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Biotech Company Licenses Caltech Immunotherapy Research


T-cell (NIAID/NIH)

24 September 2014. ImmunoCellular Therapeutics Ltd., a developer of cancer therapies harnessing the immune system, is licensing technology developed in the lab of David Baltimore at California Institute of Technology in Pasadena that derives cancer-fighting cells from a person’s own blood-forming stem cells. Financial terms of the exclusive license to ImmunoCellular Therapeutics, based in Los Angeles, were not disclosed.

David Baltimore is president emeritus of Caltech and shared the 1975 Nobel Prize in Physiology or Medicine. Baltimore’s lab is conducting basic research in genomics, as well as translational research on reprogramming the human immune system with gene transfer techniques. Among the translational research are studies of adapting an individual’s hematopoietic or blood-forming stem cells to create cancer-fighting T-cells from the immune system, the focus of the license.

ImmunoCellular’s work up to now encompasses therapeutic vaccines for cancer addressing dendritic or antigen-presenting cells that induce a response from T-cells in the immune system. The company’s pipeline includes an experimental therapy for newly diagnosed glioblastoma multiforme, a highly malignant and deadly brain cancer, in intermediate-stage clinical trials, while a treatment for recurrent glioblastoma is in early-stage trials.  A third therapy for ovarian cancer is still in preclinical development.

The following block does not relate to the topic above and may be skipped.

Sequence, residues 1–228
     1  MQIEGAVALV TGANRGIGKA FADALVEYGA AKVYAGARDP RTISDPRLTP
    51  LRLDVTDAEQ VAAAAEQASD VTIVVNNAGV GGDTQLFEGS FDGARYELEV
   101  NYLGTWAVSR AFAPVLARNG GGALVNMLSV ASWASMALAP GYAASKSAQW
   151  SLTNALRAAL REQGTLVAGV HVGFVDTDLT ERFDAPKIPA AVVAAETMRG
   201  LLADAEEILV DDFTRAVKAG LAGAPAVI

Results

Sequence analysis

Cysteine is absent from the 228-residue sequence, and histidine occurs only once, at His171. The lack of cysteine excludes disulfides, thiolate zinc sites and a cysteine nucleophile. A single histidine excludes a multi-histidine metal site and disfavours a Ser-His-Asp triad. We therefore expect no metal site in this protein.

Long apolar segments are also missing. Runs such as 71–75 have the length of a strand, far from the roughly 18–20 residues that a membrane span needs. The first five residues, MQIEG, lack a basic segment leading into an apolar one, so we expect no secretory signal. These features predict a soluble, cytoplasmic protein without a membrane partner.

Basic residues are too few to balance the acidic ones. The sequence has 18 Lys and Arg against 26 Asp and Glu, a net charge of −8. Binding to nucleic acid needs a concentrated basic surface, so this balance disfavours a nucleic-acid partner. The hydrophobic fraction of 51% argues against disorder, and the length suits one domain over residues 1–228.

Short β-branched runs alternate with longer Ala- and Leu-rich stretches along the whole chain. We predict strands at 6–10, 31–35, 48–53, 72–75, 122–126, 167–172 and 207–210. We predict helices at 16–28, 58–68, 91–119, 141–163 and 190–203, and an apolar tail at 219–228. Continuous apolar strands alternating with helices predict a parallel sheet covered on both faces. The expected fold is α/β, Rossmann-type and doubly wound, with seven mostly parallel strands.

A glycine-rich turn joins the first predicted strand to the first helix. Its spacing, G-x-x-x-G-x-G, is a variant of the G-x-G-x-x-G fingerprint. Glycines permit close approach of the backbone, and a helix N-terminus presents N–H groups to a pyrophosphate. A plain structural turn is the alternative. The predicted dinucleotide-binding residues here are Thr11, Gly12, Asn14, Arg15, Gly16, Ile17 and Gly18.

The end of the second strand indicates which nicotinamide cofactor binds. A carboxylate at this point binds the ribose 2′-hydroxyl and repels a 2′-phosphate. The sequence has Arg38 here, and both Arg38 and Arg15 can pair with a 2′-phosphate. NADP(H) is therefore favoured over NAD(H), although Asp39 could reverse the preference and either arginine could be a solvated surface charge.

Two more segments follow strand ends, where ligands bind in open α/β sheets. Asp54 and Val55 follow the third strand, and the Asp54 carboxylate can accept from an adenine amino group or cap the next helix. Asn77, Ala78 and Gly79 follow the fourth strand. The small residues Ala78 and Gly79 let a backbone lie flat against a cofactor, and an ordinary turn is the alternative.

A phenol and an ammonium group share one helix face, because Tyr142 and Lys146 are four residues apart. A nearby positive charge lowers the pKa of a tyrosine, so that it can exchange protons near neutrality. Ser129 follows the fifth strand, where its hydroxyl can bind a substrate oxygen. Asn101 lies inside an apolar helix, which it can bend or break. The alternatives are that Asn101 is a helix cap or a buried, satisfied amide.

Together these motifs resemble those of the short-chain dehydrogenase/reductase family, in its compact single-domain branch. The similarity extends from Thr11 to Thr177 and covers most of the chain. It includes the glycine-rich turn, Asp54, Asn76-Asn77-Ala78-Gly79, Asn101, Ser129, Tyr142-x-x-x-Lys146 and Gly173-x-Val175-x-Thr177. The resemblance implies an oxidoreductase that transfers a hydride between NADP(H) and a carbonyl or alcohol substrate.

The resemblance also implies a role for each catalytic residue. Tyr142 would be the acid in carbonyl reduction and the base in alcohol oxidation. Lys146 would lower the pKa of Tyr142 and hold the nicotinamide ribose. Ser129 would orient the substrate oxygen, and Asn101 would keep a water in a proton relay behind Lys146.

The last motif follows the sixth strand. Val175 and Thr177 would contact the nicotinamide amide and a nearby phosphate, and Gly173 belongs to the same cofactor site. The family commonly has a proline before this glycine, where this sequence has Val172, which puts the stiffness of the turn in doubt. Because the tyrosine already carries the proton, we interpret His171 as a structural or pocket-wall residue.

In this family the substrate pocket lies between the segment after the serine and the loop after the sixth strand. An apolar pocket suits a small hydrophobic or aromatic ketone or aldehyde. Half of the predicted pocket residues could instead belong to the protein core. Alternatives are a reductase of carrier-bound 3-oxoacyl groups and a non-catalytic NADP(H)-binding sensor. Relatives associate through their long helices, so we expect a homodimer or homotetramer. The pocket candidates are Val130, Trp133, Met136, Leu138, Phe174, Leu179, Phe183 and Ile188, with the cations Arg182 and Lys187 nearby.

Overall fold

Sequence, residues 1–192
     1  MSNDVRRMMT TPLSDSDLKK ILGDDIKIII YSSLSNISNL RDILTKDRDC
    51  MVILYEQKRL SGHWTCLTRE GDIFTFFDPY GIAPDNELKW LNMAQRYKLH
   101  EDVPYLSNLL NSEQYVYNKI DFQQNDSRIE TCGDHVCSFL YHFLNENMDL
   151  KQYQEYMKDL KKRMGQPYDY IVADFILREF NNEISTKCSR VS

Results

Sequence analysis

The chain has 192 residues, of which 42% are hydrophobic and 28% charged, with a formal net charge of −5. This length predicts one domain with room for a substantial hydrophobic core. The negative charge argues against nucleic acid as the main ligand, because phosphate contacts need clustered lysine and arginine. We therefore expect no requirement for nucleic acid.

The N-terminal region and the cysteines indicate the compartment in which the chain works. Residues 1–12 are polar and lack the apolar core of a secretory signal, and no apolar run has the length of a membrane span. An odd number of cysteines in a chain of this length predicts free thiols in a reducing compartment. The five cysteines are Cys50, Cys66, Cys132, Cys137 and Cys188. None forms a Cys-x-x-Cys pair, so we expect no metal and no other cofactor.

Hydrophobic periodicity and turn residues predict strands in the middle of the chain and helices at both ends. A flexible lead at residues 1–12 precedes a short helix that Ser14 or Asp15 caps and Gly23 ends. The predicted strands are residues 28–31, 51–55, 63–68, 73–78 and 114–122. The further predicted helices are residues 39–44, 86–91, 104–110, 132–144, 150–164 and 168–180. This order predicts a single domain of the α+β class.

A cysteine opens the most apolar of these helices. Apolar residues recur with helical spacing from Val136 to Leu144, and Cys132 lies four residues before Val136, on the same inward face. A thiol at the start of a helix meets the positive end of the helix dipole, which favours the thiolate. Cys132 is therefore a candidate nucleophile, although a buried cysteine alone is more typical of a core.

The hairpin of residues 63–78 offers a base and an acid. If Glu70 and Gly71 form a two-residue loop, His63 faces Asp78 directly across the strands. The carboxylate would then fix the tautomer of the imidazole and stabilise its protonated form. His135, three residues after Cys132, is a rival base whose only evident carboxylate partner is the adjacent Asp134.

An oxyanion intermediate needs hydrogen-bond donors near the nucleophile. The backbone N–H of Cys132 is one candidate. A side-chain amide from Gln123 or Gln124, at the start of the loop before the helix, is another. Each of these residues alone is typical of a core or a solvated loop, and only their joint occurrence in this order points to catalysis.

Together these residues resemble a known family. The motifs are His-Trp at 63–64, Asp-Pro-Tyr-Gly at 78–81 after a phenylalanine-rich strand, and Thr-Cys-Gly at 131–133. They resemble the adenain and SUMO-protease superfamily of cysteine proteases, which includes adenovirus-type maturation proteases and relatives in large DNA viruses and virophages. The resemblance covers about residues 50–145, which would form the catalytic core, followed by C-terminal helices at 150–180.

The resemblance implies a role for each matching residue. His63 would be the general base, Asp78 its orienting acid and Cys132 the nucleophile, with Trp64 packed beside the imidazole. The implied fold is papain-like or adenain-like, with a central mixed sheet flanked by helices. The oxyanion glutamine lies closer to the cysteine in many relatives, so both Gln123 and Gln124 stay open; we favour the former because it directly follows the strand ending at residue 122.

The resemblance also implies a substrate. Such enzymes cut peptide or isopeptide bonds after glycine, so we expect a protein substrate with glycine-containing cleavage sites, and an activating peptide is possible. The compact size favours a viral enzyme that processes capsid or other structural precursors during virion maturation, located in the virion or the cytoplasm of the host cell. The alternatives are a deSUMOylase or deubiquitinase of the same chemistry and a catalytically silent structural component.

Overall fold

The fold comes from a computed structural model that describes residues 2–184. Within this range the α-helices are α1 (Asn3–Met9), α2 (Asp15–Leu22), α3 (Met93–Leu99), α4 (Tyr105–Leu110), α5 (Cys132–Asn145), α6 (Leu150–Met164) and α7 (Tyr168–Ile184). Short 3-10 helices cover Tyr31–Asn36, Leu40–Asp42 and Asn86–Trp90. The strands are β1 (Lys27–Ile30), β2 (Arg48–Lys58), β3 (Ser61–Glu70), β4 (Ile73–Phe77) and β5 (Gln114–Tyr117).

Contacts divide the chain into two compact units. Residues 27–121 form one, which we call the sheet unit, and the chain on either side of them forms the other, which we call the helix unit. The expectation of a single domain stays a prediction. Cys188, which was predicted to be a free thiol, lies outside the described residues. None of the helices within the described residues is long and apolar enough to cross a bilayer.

The Baltimore lab technology is expected to complement ImmunoCellular’s current cancer therapies. A continuing challenge in some cancer immunotherapies is the short duration of their effectiveness. The technology obtained through the license adds T-cell receptors to blood-forming stem cells rather than into T-cells themselves. The result, says the company, is a longer-lasting immune response that can treat previously unresponsive solid-tumor cancers, as evidenced in research with lab animals by Caltech and others.

“Our goal,” says ImmunoCellular CEO Andrew Gengos in a company statement, “is to generate a first clinical candidate from this new discovery platform, and expand our existing dendritic cell expertise into the adjacent fields of stem cells and T-cells.” The company says it expects to develop therapies that can work as single agents or in combination with other treatments.

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